Record qualifying lap times have tumbled at every circuit and there has also been new race lap records set in Russia, Monaco, Azerbaijan and Great Britain.

With F1 2017's tyres not showing the same levels of degradation as previous years, drivers have been able to push throughout races and the average race lap gain on 2016 has been 2.749 seconds, with the greatest improvement of 4.927 seconds by Hamilton's Mercedes at Silverstone.

F1 2017 versus F1 2016

2017 2016 Lap time gain Fastest since
Pole position 1:22.188 1:23.837 1.649s Record
Fastest race lap 1:26.538 1:28.997 2.459s 2007
Pole position 1:31.678 1:35.402 3.724s Record
Fastest race lap 1:35.378 1:39.824 4.446s 2005
Pole position 1:28.769 1:29.493 0.724s Record
Fastest lap 1:32.798 1:34.482 1.684s 2006
Pole position 1:33.194 1:35.417 2.223s Record
Fastest lap 1:36.844 1:39.094 2.250s Record
Pole position 1:19.149 1:22.000 2.851s Record*
Fastest lap 1:23.593 1:26.948 3.355s 2009
Pole position 1:12.178 1:13.622 1.444s Record*
Fastest lap 1:14.820 1:17.939 3.119s Record*
Pole position 1:11.459 1:12.812 1.353s Record
Fastest lap 1:14.551 1:15.599 1.048s 2005
Pole position 1:40.593 1:42.758 2.165s Record
Fastest lap 1:43.441 1:46.485 3.044s Record
Pole position 1:04.251 1:07.922 3.971s Record
Fastest lap 1:07.411 1:08.411 1.000s Record
Great Britain
Pole position 1:26.600 1:29.287 2.687s Record*
Fastest lap 1:30.621 1:35.548 4.927s Record*
Pole position 1:16.276 1:19.965 3.689s Record
Fastest lap 1:20.182 1:23.086 2.904s 2007
*Circuit's current configuration

Williams remain the pit stop kings
Williams won last year's DHL Fastest Pit Stop Award, and despite F1 2017's wider, chunkier tyres, there appears little sign of them giving up their crown.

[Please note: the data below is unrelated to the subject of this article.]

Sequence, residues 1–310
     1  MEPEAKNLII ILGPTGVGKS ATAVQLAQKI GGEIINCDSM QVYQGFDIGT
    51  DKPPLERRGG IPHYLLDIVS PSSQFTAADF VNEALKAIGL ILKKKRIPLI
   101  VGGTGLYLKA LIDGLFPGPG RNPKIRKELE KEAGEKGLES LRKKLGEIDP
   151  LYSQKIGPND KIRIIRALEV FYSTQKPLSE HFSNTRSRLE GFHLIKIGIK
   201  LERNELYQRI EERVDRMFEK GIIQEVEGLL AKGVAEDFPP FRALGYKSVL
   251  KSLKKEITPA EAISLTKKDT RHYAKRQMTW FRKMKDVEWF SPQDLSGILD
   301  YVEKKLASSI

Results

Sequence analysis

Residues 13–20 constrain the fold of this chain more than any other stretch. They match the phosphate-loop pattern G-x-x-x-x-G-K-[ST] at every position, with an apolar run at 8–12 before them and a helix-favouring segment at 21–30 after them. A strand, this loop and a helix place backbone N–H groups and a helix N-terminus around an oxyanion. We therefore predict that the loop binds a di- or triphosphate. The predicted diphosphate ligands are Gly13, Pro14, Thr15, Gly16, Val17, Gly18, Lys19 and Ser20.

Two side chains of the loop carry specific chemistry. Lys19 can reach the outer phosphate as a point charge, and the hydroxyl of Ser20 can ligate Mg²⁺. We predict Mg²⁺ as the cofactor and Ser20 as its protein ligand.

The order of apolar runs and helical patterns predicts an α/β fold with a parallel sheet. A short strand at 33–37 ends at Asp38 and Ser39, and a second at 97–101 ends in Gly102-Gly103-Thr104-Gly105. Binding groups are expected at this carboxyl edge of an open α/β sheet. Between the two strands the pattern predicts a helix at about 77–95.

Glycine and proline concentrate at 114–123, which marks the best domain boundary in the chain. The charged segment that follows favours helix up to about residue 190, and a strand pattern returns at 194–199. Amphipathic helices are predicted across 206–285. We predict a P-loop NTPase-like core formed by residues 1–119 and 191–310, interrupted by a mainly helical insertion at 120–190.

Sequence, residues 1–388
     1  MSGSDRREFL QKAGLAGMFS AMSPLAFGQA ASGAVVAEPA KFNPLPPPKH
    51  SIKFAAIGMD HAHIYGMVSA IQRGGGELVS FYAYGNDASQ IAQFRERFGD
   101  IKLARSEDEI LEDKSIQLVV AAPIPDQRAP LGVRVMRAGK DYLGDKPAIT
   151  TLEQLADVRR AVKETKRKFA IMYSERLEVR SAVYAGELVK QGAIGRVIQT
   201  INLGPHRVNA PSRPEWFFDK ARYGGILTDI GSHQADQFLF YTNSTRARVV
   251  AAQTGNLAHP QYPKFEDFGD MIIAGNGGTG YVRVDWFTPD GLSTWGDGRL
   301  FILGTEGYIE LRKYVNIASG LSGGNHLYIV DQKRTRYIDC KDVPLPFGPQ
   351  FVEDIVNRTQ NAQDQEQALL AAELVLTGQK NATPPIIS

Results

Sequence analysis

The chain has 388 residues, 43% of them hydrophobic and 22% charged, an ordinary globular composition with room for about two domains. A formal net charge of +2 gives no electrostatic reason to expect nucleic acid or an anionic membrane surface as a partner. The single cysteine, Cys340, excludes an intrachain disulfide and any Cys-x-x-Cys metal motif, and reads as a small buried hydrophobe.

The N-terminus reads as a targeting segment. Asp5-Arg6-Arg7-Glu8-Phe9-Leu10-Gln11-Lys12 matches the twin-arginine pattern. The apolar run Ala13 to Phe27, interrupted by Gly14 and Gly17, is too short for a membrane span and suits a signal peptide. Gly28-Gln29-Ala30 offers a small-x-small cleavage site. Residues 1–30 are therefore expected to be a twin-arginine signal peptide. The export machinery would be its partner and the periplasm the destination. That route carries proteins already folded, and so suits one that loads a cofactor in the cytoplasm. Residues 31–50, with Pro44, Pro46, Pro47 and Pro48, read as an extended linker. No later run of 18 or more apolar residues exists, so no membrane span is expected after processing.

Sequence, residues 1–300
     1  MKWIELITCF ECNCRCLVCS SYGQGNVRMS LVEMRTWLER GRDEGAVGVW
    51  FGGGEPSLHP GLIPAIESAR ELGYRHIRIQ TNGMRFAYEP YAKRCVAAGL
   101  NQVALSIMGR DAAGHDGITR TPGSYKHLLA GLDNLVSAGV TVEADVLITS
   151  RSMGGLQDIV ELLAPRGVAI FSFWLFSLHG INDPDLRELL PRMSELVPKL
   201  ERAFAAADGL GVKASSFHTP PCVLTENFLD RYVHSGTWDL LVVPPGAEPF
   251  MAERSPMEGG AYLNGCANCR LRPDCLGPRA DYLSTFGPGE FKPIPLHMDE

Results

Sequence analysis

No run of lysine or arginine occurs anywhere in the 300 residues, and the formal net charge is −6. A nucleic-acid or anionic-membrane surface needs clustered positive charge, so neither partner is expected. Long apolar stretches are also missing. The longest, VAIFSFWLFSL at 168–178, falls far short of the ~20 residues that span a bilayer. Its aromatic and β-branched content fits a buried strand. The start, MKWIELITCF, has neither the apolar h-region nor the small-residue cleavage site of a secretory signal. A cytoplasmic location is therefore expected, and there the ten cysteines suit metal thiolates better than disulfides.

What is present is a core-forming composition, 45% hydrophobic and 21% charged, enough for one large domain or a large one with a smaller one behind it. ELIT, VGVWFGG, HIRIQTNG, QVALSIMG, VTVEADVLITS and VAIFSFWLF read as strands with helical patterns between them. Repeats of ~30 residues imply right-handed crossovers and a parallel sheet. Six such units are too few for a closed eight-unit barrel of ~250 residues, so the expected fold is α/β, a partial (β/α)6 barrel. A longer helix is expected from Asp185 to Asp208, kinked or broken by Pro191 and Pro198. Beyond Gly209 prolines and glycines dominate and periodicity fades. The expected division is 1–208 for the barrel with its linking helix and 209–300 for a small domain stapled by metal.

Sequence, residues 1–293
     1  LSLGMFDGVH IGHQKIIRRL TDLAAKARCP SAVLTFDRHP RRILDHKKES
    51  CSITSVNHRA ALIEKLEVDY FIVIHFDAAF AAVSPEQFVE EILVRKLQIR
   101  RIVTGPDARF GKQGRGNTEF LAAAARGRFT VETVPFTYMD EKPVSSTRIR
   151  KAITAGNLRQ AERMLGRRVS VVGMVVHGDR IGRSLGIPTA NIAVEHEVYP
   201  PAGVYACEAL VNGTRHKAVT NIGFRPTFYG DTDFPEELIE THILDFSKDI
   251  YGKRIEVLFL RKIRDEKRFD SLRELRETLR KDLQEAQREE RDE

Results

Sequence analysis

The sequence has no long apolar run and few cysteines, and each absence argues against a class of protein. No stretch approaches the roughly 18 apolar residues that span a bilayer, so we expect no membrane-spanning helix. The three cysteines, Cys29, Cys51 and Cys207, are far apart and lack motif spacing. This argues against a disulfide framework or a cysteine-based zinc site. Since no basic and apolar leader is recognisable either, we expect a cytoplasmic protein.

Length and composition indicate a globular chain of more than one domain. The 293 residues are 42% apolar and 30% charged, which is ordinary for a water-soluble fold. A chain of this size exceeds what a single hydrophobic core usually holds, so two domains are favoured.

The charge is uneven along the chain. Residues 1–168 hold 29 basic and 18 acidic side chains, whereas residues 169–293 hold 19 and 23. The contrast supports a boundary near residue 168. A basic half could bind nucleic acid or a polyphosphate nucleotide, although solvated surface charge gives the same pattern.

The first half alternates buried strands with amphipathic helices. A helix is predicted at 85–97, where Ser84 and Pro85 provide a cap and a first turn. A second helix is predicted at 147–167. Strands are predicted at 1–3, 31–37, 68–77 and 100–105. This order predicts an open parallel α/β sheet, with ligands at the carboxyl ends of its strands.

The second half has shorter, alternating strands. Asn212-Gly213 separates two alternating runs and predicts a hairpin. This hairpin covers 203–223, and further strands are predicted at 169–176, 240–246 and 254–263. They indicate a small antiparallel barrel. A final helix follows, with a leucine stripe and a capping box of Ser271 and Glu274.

The Grove-based team have recorded the fastest stop in seven of the first 11 races, with a best time of 2.02 seconds when servicing Felipe Massa in the British GP. No other team has managed to go below 2.23 seconds, something Williams have done on four occasions.

Williams' benchmark was 1.92 seconds in 2016, will they manage to once again break the two-second barrier after the summer break? Their pre-season training certainly appears to be paying off.

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Sky Sports F1's William Esler goes behind the scenes at Williams, winners of the 2016 DHL fastest pitstop award, as they train for the new F1 season

Pressure rises on point-less duo
Eleven races down and just two of the 20 regular drivers remain without a point - Renault's Palmer and Sauber's Marcus Ericsson.

Palmer's second season in F1 has been the stuff of nightmares. While he has had his fair share of bad luck and unreliability, there is no hiding from the lack of pace and errors he has made on race weekends.

Five times he has ended a session with his RS17 in pieces in the barriers and he has been comfortably out-performed by team-mate Nico Hulkenberg. Palmer has yet to out-qualify the German on track and only once, in Austria, has he finished ahead in the race.

With Robert Kubica stepping up his F1 comeback, Alonso and Sainz linked with moves to Renault and Formula 2 and Renault development driver Oliver Rowland eyeing the step up, Palmer needs a rapid upturn after the summer break if he is to keep his seat.

Apparent links to the team's owners should mean Ericsson is more secure at Sauber but the Swede trails Pascal Wehrlein 7-2 in qualifying, while the German has twice finished in the top 10.

Ericsson has not finished in the points since the 2015 Italian GP, 40 races ago.